Investing in foreign countries is a relatively new option for individual investors. Luckily, the advent of internationally focused mutual funds and exchange-traded funds (ETFs) has made it easier than ever. But, is investing abroad a good decision? As always, the decision to invest in foreign countries depends largely on your investment objectives.

Why Invest in Foreign Countries?

The primary rule of investing is to seek the highest risk-adjusted return for their capital (also called “alpha”). Basically, you want to maximize profit made beyond the amount of risk taken in any given investment. One of the best ways to accomplish this is through diversification, which has been mathematically proven to enhance risk-adjusted returns.

An effectively diversified portfolio holds at least 8-10 uncorrelated assets (or, assets that do not move in relation to each other) spread across various industries and geographies, which ensures that an adverse event in one market will not negatively affect the entire portfolio. As a result, investing in foreign countries (geographical diversification) is an important way to enhance risk-adjusted returns through diversification.

Invest in Australia

Built on 22 years of uninterrupted annual growth, Australia’s robust and diverse economy is the only economy to consistently rank in the world’s top five most resilient economies since 2008. Australia’s growth is underpinned by its strong trade ties with Asia, Europe and the Americas.
Australia is ‘triple A’ rated by all three major global ratings agencies. Real Gross Domestic Product (GDP) growth is projected to outperform every major advanced economy to 2018.

Invest in Canada

Canada is consistently ranked as one of the best countries in the world to live. It is easy to understand why thousands of people choose Canada every year. From its strong, stable economy and vibrant, cosmopolitan cities to the breath-taking beauty of its natural environment, Canada offers newcomers opportunities and a quality of life that are second to none.

Invest in Dubai

In 2012, the Global City Competitiveness Index by the Economist Intelligence Unit ranked Dubai at No. 40 with a total score of 55.9. According to its 2013 research report on the future competitiveness of cities, in 2025, Dubai will have moved up to 23rd place overall in the Index.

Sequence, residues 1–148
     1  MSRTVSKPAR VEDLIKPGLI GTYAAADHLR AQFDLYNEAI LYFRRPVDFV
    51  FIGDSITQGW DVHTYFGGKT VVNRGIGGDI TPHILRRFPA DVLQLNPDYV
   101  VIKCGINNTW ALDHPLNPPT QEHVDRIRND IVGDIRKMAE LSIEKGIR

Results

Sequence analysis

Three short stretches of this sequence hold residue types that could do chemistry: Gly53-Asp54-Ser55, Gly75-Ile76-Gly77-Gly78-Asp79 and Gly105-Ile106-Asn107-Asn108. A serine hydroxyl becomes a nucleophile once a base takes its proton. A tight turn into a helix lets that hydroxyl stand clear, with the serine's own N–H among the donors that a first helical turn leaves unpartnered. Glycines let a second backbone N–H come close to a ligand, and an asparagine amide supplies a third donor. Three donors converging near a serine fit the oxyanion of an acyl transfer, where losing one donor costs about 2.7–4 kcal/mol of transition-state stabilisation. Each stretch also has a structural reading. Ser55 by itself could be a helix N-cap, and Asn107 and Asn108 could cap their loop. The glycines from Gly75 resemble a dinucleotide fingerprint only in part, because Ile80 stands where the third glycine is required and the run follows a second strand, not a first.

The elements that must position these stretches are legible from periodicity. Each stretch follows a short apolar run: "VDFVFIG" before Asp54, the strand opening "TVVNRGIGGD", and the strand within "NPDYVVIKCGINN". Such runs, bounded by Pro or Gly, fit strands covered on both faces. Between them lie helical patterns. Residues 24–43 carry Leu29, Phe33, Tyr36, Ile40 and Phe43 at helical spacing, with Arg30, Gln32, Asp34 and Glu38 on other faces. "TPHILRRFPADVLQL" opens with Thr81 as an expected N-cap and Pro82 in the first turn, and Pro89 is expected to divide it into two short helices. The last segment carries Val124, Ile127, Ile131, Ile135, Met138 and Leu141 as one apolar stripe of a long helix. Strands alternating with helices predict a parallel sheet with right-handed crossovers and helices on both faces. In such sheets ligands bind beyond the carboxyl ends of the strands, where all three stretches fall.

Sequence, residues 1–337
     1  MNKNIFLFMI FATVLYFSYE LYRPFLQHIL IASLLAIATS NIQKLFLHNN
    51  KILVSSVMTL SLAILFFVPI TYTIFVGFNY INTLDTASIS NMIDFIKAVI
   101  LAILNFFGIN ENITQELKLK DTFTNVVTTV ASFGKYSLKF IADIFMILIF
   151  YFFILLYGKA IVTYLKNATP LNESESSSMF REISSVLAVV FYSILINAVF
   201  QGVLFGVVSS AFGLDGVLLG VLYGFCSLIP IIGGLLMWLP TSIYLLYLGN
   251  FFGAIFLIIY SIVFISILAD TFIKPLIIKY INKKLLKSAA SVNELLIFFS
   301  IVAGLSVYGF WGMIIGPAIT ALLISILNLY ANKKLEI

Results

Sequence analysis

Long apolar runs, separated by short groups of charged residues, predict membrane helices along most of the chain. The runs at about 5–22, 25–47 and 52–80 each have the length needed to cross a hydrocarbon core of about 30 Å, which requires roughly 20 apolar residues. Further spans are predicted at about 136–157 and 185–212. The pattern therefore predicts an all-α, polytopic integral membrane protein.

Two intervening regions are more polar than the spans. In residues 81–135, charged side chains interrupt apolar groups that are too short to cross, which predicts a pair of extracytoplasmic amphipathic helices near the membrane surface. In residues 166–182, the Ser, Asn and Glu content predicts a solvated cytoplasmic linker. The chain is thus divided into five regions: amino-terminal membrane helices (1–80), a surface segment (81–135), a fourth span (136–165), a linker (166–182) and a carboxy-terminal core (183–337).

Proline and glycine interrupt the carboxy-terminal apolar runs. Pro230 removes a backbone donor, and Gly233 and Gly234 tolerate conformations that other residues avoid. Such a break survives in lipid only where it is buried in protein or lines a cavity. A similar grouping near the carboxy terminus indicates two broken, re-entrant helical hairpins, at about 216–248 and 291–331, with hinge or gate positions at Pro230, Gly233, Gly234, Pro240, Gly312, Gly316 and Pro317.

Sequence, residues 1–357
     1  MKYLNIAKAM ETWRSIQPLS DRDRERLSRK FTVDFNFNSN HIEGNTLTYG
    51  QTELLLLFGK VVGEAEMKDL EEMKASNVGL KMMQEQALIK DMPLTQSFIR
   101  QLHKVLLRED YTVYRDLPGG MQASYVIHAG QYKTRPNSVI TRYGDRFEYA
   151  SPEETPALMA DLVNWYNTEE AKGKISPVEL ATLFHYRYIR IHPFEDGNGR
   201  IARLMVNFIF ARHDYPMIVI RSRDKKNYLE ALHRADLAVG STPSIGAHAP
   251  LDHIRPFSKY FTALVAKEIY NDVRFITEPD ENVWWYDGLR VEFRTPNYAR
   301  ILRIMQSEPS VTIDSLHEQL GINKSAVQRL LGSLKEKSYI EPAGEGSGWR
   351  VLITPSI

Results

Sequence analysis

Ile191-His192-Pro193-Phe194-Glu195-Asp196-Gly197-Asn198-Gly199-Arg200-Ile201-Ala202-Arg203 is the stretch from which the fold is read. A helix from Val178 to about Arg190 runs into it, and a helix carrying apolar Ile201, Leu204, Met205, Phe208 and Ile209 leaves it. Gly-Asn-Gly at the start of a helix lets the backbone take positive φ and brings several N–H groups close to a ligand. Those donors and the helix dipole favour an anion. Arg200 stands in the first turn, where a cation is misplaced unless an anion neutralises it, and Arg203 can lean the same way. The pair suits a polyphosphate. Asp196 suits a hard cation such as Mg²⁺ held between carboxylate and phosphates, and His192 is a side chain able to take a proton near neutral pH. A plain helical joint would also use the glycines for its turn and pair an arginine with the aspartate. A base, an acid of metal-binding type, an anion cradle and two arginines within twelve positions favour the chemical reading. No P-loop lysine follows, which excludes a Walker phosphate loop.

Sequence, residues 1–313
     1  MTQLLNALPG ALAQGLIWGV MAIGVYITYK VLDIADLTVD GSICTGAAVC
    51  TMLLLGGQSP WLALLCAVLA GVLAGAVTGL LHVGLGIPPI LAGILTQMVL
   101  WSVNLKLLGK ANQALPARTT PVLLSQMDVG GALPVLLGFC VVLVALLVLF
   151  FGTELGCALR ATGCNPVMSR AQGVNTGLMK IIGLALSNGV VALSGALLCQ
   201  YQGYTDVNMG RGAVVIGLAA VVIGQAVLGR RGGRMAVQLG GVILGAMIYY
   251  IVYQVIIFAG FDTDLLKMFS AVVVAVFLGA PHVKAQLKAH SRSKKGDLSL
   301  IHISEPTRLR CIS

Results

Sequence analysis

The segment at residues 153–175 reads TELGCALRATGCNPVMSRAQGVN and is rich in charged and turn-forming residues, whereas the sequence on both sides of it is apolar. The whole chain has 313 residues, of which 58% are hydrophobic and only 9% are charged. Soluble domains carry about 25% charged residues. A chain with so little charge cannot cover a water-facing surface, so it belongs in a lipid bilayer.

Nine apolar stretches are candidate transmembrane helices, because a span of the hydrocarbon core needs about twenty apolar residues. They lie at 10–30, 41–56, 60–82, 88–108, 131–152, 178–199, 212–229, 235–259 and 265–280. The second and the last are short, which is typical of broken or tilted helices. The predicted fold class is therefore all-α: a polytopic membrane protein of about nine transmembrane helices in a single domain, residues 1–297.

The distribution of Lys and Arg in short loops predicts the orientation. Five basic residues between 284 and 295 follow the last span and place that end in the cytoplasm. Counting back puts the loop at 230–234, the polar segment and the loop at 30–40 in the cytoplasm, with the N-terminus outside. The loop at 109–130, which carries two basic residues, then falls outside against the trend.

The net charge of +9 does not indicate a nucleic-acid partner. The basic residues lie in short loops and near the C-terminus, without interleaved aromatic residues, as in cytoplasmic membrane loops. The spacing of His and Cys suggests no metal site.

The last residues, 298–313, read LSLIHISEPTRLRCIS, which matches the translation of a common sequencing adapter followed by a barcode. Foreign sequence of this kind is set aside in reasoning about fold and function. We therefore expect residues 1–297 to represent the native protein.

Indians are the top foreign investors in Dubai realty.

Why invest in Dubai?

1. Congenial atmosphere for business.
2. Cosmopolitan environment.
3. Prosperous economy.
4. International business trade center

Invest in New Zealand

New Zealand is recognised globally as being a safe place to invest and do business. It ranks first in the world for: –
1. Protecting investors (World Bank Doing Business report 2014)
2. Lack of corruption (Transparency International Corruption Index 2013)
3. Starting a business (World Bank Doing Business report 2014)
Anti-corruption NGO Transparency International continued to rank New Zealand Number 1 for honesty and integrity in its public sector in 2013, the eighth year in a row the country was either first or first equal in the Corruption Perceptions index.
New Zealand has a strong banking sector that weathered the global economic crisis well. The parents of the four largest banks are Australian-owned and are all in the top 21 of the Global Finance World’s Safest Banks index.

Invest in Singapore

The economy of Singapore is a major Foreign Direct Investment (FDI) outflow financier in the world. Singapore has also benefited from the inward flow of FDI from global investors and institutions due to her highly attractive investment climate and a stable political environment. Singapore’s government promotes high levels of savings and investment through policies such as the Central Provident Fund, which is used to fund its citizen’s healthcare and retirement needs. Singapore’s savings rates have remained among the highest in the world since the 1970s. Global businesses find it advantageous to site their headquarters in Singapore. Strong trade and investment makes Singapore the most competitive Asian country (Global Competitiveness Report 2008). The World Bank also ranks the Republic as the world’s easiest place to do business (Doing Business 2009 report).

Invest in South Africa

South Africa, unlike other emerging markets, has struggled through the late 2000s recession, and the recovery has been largely led by private and public consumption growth, while export volumes and private investment have yet to fully recover. The long-term potential growth rate of South Africa under the current policy environment has been estimated at 3.5%. Per capita GDP growth has proved mediocre, though improving, growing by 1.6% a year from 1994 to 2009, and by 2.2% over the 2000–09 decade, compared to world growth of 3.1% over the same period. South Africa is ideally positioned for access to the 14 countries in the Southern Africa Development Community (SADC) with a total population of over 180 million people. Most imports into SADC are manufactured in or transported via South Africa. Well-developed roads and rail links provide the platform and infrastructure for good transportation deep into sub-Saharan Africa. South Africa’s well-developed financial system is unrivalled in any emerging market. Corporations operating in South Africa are well served by merchant banks, brokerage firms, corporate finance houses, and a wide variety of financial services specialists, both in terms of application of modern technology and skill in international finance.